Plane-Strain Propagation of a Fluid-Driven Fracture: Small Toughness Solution

[+] Author and Article Information
Dmitry I. Garagash1

Department of Civil and Environmental Engineering, Clarkson University, Potsdam, NY 13699-5710garagash@clarkson.edu

Emmanuel Detournay

Department of Civil Engineering, University of Minnesota, Minneapolis, MN 55455


To whom correspondence should be addressed.

J. Appl. Mech 72(6), 916-928 (Apr 10, 2005) (13 pages) doi:10.1115/1.2047596 History: Received September 30, 2004; Revised April 10, 2005

The paper considers the problem of a plane-strain fluid-driven fracture propagating in an impermeable elastic solid, under condition of small (relative) solid toughness or high (relative) fracturing fluid viscosity. This condition typically applies in hydraulic fracturing treatments used to stimulate hydrocarbons-bearing rock layers, and in the transport of magma in the lithosphere. We show that for small values of a dimensionless toughness K, the solution outside of the immediate vicinity of the fracture tips is given to O(1) by the zero-toughness solution, which, if extended to the tips, is characterized by an opening varying as the (23) power of the distance from the tip. This near tip behavior of the zero-toughness solution is incompatible with the Linear Elastic Fracture Mechanics (LEFM) tip asymptote characterized by an opening varying as the (12) power of the distance from the tip, for any nonzero toughness. This gives rise to a LEFM boundary layer at the fracture tips where the influence of material toughness is localized. We establish the boundary layer solution and the condition of matching of the latter with the outer zero-toughness solution over a lengthscale intermediate to the boundary layer thickness and the fracture length. This matching condition, expressed as a smallness condition on K, and the corresponding structure of the overall solution ensures that the fracture propagates in the viscosity-dominated regime, i.e., that the solution away from the tip is approximately independent of toughness. The solution involving the next order correction in K to the outer zero-toughness solution yields the range of problem parameters corresponding to the viscosity-dominated regime.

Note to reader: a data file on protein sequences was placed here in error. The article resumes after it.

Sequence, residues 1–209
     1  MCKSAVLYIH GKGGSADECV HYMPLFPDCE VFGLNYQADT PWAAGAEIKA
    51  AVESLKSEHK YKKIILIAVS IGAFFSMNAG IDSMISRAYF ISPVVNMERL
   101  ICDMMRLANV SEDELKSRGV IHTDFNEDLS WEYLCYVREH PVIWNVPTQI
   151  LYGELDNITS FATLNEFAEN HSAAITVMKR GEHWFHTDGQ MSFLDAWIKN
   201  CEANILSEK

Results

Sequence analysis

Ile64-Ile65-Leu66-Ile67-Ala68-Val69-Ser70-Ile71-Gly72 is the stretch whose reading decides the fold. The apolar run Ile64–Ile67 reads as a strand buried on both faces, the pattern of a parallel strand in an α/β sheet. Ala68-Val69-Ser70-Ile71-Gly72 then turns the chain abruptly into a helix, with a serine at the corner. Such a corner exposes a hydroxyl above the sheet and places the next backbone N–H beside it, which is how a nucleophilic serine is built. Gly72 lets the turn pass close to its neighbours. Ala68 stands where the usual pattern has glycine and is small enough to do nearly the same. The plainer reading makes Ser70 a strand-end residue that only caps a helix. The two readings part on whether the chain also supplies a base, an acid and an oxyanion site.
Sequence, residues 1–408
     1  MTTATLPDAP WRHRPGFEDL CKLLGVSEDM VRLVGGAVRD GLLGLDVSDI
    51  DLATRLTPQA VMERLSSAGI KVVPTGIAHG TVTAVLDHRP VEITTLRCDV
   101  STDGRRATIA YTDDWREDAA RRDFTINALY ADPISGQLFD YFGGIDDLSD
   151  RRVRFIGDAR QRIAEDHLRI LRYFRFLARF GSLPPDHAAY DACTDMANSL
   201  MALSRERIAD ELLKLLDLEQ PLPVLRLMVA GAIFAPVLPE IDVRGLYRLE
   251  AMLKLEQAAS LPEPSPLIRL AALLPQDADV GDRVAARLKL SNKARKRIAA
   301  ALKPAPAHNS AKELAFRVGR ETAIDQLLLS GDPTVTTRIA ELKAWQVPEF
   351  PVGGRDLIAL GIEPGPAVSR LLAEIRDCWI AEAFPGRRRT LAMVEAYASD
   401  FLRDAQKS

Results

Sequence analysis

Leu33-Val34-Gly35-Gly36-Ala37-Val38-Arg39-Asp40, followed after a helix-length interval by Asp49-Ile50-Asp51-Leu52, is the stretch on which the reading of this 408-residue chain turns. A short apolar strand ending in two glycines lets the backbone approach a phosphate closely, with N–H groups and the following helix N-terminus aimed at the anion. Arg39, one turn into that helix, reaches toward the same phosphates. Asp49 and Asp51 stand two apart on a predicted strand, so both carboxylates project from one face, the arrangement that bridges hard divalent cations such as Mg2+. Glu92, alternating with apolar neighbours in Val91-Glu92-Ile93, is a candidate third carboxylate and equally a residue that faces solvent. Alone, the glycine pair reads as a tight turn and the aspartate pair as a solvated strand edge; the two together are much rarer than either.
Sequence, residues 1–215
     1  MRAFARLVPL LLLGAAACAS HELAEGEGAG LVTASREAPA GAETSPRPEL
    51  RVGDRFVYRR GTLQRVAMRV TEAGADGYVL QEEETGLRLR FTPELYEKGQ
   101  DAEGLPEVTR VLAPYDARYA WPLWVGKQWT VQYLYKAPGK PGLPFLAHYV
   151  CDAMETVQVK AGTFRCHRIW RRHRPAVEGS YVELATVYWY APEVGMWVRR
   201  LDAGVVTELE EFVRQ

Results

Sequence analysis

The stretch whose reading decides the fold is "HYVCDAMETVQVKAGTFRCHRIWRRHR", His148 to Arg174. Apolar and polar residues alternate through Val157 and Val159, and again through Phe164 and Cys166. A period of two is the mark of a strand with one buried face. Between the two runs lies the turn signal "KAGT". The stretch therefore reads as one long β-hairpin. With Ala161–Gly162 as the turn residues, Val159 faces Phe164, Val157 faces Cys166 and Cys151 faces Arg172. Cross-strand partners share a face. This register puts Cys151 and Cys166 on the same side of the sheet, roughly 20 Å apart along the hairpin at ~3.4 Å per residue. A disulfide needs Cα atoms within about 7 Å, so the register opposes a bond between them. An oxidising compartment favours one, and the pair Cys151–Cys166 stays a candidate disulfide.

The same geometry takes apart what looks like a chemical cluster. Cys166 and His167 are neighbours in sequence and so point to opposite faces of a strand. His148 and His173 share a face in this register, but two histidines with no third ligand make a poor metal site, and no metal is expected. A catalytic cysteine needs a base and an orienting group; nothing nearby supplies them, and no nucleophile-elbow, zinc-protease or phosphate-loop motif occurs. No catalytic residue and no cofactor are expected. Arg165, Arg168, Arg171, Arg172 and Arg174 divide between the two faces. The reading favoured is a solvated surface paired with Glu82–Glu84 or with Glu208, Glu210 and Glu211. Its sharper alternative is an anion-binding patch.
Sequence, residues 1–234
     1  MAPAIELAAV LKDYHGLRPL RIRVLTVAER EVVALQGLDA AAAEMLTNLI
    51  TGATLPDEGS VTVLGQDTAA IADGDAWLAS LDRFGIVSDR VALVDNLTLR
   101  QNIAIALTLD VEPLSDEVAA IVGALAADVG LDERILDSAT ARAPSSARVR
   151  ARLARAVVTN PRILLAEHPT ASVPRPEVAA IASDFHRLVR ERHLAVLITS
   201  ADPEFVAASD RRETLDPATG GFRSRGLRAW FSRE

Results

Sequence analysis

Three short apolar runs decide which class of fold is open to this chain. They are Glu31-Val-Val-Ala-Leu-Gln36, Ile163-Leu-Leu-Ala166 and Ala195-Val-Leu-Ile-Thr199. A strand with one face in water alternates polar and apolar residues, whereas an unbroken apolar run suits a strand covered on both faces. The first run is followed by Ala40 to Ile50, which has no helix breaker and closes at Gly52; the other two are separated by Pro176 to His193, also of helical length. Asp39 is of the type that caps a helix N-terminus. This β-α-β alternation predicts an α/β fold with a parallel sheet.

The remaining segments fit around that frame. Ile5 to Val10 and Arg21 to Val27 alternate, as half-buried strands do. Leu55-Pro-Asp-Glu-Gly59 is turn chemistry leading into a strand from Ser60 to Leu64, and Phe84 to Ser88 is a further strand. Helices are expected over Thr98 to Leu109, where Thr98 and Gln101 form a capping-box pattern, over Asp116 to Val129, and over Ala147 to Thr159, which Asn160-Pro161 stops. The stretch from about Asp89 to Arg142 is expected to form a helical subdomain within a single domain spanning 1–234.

Copyright © 2005 by American Society of Mechanical Engineers
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Figure 1

Sketch of a plane-strain fluid-driven fracture

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Figure 2

Zero- (after Adachi and Detournay (16)) and first-order terms in the outer solution expansion 13 for the normalized opening Ω¯, (a), and net-pressure Π, (b). Solution for Ω¯1 and Π1 is shown for n=1 (dotted lines) and n=10 (solid lines) terms in series 21.

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Figure 3

Semi-infinite fluid driven fracture

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Figure 4

LEFM tip boundary layer solution: Variation of dimensionless (a) opening Ω̂ and (b) net-pressure Π̂ with the distance from the tip ξ̂. Asymptotic expansions of the solution in the near-field (near-tip) and the far-field are shown by long dash lines.

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Figure 5

Matching of the inner and outer solutions; structure of the composite solution

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Figure 6

Small toughness outer solution for (a) opening Ω and (b) net-pressure Π for various values of K={0,0.75,1,1.25}. The finite-toughness solution for K=1 and K=1.25 is shown by open circles (after Adachi (20)). The ascending parts of the pressure curves correspond to the continuation of the outer solution into the near tip region where the outer solution is no longer valid and the solution has to be given by the LEFM boundary layer solution.

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Figure 7

Comparison between the small toughness outer solution and uniformly valid composite solution for (a) opening Ω and (b) net-pressure Π for K=1. The composite solution is shown by dashed line, the rest of the curves as in Fig. 6.

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Figure 8

Variation of dimensionless fracture half-length γ with toughness K. Zero-toughness, (23,16), and zero-viscosity, (21-22), solutions are shown by dashed lines. Small toughness and large toughness asymptotic solutions are shown by solid lines. The finite toughness solution (after Adachi (20)) is shown by open circles.



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